I already arranged for my mate with a CNC machine to cut a  3mm Perspex panel with holes positioned for the joystick and buttons as per the finalised control panel drawing. I also got him to drill a small countersunk hole at each of the panel corners.

This plate was then used as a template  to draw the holes and cut the wood for the control panel base. The foot print of the joystick was also pencilled onto the wood by simply drawing round its edges.

The next picture shows the holes that were cut into the wood. You will notice that the hole for the joystick is slightly cut in from the surface. This forms a ledge  to allow the joystick to rest on top and remain flush under the Perspex plate. On the underside of the control panel it was necessary to reduce the thickness of the wood to allow the button shafts to comfortably reach through both the Perspex panel and the wood. This was achieved by cutting  away a few millimeters  from the underside using a router.

To the rear edge of the wooden control panel base I have attached a length of aluminium angle section. This 19mm x 30mm angle sections type ((item no. 41-2683) from Clas Olson)   is the same as I already used for securing the Marquee. The reason for adding this, is to secure/clamp down the bottom of the  glass panel on the screen bezel.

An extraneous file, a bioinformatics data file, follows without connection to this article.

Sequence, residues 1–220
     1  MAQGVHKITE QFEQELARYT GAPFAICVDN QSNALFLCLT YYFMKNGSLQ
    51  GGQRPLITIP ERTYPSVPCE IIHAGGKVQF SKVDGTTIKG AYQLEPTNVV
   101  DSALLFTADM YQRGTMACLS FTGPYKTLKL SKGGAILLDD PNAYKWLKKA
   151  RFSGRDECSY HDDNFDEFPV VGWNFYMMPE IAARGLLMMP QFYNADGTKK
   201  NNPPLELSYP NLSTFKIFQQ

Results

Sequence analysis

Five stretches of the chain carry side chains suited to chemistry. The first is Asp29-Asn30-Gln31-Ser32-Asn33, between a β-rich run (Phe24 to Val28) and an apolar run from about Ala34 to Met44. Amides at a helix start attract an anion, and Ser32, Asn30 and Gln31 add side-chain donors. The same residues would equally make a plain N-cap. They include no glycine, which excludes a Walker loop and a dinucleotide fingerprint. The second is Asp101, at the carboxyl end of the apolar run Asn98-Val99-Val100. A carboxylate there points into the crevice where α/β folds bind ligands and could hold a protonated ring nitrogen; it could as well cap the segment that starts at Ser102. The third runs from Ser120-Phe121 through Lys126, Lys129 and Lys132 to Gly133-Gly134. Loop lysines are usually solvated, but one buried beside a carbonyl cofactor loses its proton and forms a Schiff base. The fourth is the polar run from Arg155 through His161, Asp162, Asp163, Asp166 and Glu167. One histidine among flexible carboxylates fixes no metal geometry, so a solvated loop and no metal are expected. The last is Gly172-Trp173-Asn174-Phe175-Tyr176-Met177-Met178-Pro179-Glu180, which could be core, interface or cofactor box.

Control panel wooden base pael with cut out holes for joystick and buttons (top side)

Control panel wooden base panel with joystick and buttons  mounted (under side)

A slot was  routed  along the front edge of the control panel. A router of some kind and a 1/16" slot-cutting bit is required. I didn't have all these so I asked a local carpenter to do it for me. The resulting slot works fine and the photo shows me trying out different sections of T mold (black and gold). Hmm, I think I'll go for the black T mold for the control panel edging to match with the black colour of the top Perspex panel. The final picture shows the control panel wooded base in the VecCab (not secure there yet!)
The front edge of the control panel slotted to accept T molding

Tuesday, 7 January 2014

The control panel (part 4)

Here's a picture of what the cardboard control panel (populated with buttons and a joystick) looks like when placed in the VecCab. Next stage is to build an actual control panel from  a routed wood panel with a  perspex panel placed on top.

Sunday, 5 January 2014

The control panel (part 3)